Abu Dhabi steps up regulation of road freight sector

New rules require companies to submit details of transport managers and fleets to the Department of Transport

PHOTO: The DoT expects tighter regulation of the freight sector to increase investment in the field. Credit: Shutterstock

Abu Dhabi’s Department of Transport (DoT) has stepped up regulation of the freight transportation and logistics sector in an attempt to boost safety, local media reported.

New regulations introduced by the body require freight operators to submit details of their transport managers and fleet when requesting a no-objection certification (NOC) from the DoT. The NOC is required for any company intending to renew their trade license in Abu Dhabi.

Firms can visit the www.freight2030.ae website and fill in the required information before going to the Department of Economic Development to renew their licence.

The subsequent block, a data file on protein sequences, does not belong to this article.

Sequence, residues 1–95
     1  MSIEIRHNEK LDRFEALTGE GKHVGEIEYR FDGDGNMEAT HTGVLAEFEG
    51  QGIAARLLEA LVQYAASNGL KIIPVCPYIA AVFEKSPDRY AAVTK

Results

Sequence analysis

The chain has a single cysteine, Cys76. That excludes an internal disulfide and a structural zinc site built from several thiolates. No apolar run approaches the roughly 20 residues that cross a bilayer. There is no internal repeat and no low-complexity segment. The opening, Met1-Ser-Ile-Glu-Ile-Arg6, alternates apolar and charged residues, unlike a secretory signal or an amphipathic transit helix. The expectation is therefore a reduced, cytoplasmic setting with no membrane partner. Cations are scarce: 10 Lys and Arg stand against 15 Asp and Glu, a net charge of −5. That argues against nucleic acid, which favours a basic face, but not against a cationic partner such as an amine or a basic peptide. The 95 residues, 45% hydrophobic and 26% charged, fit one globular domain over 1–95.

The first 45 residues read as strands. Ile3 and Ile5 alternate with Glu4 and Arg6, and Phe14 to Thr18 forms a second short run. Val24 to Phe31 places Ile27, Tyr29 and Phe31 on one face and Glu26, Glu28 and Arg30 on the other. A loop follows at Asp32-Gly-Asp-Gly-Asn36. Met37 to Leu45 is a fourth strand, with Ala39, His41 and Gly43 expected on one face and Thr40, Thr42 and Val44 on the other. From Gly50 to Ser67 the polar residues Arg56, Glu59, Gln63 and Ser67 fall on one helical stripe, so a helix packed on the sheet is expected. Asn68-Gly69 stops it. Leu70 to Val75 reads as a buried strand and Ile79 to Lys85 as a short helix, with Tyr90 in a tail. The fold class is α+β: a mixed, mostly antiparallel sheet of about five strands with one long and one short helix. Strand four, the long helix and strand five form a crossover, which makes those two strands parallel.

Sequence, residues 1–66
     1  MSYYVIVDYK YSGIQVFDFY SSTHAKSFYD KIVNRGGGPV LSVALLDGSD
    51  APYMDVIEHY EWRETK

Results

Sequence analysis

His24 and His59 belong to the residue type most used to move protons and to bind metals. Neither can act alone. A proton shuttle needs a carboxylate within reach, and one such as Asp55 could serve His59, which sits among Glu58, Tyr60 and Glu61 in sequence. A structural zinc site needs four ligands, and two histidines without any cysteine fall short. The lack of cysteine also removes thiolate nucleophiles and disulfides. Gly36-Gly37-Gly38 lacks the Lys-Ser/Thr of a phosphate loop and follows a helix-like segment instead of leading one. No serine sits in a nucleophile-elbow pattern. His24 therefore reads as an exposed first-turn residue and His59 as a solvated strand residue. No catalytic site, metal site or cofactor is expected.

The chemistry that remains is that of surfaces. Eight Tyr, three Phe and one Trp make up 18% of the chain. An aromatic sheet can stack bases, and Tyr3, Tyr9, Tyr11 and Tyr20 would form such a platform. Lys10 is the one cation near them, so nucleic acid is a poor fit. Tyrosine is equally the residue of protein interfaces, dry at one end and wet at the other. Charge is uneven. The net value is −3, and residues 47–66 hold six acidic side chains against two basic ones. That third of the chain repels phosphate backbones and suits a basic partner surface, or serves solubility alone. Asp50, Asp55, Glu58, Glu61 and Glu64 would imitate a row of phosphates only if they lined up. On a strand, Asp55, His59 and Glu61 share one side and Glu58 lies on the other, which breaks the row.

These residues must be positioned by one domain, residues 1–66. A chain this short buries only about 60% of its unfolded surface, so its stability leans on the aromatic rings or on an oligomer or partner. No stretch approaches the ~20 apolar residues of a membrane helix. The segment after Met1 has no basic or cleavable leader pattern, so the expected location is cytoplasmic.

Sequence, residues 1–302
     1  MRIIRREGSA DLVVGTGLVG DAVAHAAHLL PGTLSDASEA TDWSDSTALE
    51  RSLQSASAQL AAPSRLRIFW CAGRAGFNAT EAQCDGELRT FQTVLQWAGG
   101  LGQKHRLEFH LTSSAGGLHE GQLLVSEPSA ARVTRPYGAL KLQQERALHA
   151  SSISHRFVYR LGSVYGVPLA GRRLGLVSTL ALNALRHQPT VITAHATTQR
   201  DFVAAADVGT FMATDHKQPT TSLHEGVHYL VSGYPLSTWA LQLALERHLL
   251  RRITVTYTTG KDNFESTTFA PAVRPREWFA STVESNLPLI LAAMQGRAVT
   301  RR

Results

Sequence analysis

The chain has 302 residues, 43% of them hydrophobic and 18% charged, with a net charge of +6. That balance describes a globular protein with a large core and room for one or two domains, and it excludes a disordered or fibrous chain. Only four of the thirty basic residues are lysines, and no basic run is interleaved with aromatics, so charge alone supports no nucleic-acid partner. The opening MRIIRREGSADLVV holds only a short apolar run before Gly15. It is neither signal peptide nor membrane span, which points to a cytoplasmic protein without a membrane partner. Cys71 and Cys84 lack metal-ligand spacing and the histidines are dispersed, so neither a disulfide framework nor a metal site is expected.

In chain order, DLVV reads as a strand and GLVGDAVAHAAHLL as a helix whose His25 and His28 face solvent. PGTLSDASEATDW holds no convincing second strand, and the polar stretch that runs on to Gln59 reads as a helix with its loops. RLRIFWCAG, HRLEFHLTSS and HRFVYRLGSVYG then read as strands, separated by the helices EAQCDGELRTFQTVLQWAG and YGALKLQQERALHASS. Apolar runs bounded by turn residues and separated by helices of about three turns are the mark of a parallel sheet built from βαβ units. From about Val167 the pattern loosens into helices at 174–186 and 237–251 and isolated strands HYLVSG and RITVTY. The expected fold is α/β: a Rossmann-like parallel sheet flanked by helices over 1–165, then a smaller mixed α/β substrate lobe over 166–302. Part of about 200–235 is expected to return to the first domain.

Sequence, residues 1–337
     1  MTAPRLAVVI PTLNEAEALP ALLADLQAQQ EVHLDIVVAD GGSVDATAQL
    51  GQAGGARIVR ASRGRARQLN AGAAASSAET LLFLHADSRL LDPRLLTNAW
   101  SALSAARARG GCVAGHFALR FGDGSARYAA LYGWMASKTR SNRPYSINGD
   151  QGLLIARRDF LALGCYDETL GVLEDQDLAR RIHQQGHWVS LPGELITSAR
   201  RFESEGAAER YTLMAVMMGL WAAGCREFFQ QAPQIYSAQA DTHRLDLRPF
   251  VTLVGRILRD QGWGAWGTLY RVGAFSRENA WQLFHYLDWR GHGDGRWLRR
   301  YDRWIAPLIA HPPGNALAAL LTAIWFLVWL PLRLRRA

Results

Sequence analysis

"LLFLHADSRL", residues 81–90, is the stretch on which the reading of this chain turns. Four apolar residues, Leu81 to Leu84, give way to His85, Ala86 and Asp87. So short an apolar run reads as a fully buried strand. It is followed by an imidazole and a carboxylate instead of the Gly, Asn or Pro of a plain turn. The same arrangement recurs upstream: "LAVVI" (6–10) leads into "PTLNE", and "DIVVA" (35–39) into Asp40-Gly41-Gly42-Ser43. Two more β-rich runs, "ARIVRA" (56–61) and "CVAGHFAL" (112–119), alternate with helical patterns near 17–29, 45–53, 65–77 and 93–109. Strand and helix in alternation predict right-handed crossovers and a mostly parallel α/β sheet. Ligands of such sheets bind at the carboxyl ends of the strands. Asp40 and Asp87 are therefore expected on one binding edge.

The new rules will affect over 3,000 firms and include minimum safety standards, The National reported. This will improve road safety and professional standards of the freight and logistics sector, said Ahmed Al Hammadi, acting director of freight transport at the DoT.

Inspections carried out by the department on 500 vehicles in 2013 found that 60% of trucks on Abu Dhabi roads failed to meet safety and maintenance standards.

As part of efforts to boost road safety, the DoT is also looking to combat driver fatigue by regulating how many hours drivers work.

The freight masterplan, launched by the department last year, contains regulations limiting drivers from working overtime, said Osama Tomeh, consultant at the Freight Planning division of the DoT.

While the maximum driving time for truck drivers in the UAE is 10 hours, almost half of 517 drivers surveyed by the DoT reported working more. “This significantly increases the risk of fatigue-related accidents,” Tomeh said, quoted in Gulf News.

Apart from safety concerns, a major factor behind the implementation of new policies in the freight and logistics sector is to encourage investment in the field.

“When our freight transport sector is reliable and trustworthy, investors can be sure that their commodities will be safely taken from point A to point B without the risk of road accidents. If there was such a danger, then they might have to invest elsewhere or get insurance, which is costly,” Hammadi said.

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